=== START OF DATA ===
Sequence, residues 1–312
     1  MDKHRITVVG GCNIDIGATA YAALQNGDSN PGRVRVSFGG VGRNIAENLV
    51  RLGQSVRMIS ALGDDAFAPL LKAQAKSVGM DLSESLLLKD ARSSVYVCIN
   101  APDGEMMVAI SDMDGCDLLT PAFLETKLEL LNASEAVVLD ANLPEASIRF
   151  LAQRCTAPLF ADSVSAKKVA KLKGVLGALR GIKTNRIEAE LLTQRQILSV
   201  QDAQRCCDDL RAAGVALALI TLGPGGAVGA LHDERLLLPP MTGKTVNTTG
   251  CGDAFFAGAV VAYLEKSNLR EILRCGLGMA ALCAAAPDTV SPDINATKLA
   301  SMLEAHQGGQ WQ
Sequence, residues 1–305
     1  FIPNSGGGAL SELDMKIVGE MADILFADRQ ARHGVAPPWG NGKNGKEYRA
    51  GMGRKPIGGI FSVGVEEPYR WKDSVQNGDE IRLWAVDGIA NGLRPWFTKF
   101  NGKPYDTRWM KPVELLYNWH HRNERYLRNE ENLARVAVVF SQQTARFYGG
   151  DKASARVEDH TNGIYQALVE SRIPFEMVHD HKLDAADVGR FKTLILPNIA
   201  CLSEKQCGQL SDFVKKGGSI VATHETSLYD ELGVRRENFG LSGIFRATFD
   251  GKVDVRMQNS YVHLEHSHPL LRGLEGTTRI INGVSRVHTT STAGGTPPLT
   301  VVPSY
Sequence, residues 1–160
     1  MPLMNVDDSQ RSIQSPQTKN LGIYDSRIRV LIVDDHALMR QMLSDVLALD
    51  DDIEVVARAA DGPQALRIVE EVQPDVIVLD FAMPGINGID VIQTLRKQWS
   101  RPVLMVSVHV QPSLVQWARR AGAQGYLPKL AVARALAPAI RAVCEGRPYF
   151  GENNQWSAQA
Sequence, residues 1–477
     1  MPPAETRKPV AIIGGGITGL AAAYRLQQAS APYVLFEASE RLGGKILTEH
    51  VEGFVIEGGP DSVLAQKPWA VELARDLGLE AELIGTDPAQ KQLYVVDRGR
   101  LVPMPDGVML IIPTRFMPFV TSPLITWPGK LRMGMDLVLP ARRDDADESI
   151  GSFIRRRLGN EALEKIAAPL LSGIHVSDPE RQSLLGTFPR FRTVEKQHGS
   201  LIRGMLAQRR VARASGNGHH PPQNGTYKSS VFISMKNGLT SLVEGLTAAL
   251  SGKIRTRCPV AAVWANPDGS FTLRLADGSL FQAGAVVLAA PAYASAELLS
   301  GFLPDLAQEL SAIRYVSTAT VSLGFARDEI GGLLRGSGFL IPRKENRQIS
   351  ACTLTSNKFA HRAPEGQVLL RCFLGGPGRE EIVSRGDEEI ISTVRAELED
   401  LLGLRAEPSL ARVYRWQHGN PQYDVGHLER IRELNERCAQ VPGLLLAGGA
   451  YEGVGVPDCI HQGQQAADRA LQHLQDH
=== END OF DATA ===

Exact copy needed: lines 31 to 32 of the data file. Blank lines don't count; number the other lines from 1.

   401  LLGLRAEPSL ARVYRWQHGN PQYDVGHLER IRELNERCAQ VPGLLLAGGA
   451  YEGVGVPDCI HQGQQAADRA LQHLQDH